Water Resistant SPC Floors
You won’t cry over spilled milk when you have rigid core floors!

Some of these floors are made with vinyl and designed with a real-wood look. You can also find SPC flooring that is more eco-friendly and uses sustainable materials for the surface layer, like bamboo.

This way, you get the appeal of beautiful, natural hardwood OR a gorgeous surface made of real strand woven bamboo, all without the high price point. And you’ll find that installing these click-lock rigid core floors is much more DIY-friendly than installing solid natural hardwood. You don’t even need a nail gun or special glue!

Bamboo Rigid Core SPC Flooring in Kitchen
Rigid core bamboo flooring in Skipjack Mast from Ambient™

If you purchase your SPC flooring from Ambient, the underlayment is already attached to each plank. That takes a huge step out of the install process. It also makes this kitchen upgrade very approachable as a DIY-er.

Tools & Supplies Needed

This DIY project requires you to be comfortable with power saws. You’ll need a circular saw and a jigsaw as well as a miter saw or a miter box. In addition, you’ll need a measuring tape, a rubber mallet, a T-square, and 1/4″ spacers.


Like painting, installing a floor requires surface preparation. SPC flooring can be installed over a concrete slab, existing hardwoods, or just about any other subfloor. Just make sure the area is clean and level. Another important thing to note is that most rigid core flooring needs little to no acclimation.

Start the install in a corner of the room.

Attach the next plank by inserting the tongue of the new plank into the groove of the second plank. Just line it up and drop it down.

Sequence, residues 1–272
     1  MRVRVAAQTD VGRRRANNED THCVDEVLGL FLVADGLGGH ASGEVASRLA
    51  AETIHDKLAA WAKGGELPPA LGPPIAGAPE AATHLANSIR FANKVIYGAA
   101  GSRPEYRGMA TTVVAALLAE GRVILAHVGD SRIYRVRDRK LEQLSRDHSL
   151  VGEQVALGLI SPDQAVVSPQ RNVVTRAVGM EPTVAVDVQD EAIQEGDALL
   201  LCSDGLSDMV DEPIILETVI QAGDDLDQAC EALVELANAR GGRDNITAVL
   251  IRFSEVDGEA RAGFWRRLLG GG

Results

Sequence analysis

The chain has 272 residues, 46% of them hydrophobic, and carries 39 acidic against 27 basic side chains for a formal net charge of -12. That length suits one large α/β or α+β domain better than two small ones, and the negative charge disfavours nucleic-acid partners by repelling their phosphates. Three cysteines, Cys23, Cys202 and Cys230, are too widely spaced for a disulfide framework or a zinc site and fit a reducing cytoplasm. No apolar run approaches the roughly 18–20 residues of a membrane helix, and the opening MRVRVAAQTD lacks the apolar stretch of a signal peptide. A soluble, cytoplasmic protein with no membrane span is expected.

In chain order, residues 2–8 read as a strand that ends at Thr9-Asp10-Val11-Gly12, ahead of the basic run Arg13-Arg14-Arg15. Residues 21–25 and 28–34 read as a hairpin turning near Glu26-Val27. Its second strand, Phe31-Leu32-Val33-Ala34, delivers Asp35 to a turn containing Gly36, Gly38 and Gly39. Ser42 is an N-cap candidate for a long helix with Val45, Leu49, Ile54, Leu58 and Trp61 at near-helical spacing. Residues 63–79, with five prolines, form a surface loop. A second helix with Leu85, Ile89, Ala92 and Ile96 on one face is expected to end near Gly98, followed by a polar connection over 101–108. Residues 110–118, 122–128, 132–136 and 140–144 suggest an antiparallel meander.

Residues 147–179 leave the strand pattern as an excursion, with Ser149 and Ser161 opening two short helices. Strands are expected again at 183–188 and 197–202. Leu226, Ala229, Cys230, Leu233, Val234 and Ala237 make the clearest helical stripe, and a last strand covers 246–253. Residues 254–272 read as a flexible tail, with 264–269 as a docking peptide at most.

Continue to the end of the row. When you start the second row, cut the first plank of the second row shorter than the first plank on the first row. This staggers the planks and avoids weak “H”-shaped joints.

Now lock the long edge of the plank into the plank on the first row. Drop it down to click in place.

Now, take your rubber mallet and a wood block and tap the plank into place. This step is crucial in securing the plank. Make sure there are no gaps, then proceed to place the next plank. When you get to the final row, you’ll use your mallet and a pull bar to lock the last row in place.

Estimated Time to DIY

The time to complete this project depends on the size of your kitchen floor and the number of cuts you need to make. Unless you have a large kitchen, this project can be completed over a weekend.


Like paint, if you are going to invest the time and effort, you might as well put down a good quality floor. Luckily, high-grade SPC vinyl and rigid core bamboo floors are very affordable. Plan on spending between $3-$5 per square foot. Honestly, when you see how good the kitchen looks, you’ll want to do the laundry room, too. It’s really that affordable!


What about those cabinets? The good news is that installing rigid core click-lock flooring doesn’t require you to remove the kitchen cabinets or your kitchen island. Because this type of flooring “floats,” it needs room for flexibility. You won’t have that with cabinets on top of the floor. So, unlike solid hardwood, SPC flooring is installed right up to the cabinet base. Just use a little decorative molding like quarter-round to give the flooring a finished look. Knowing this tip makes this DIY kitchen project seem just a little easier, doesn’t it?!


Which DIY Kitchen Project Did You Try?

Tools For Nailing Bamboo FlooringDid you tackle knobs and pulls, toss up a new backsplash, splatter some paint, or get down to business with a new floor?

Share your DIY kitchen project in the comments below.

We love to see how our ideas inspire you!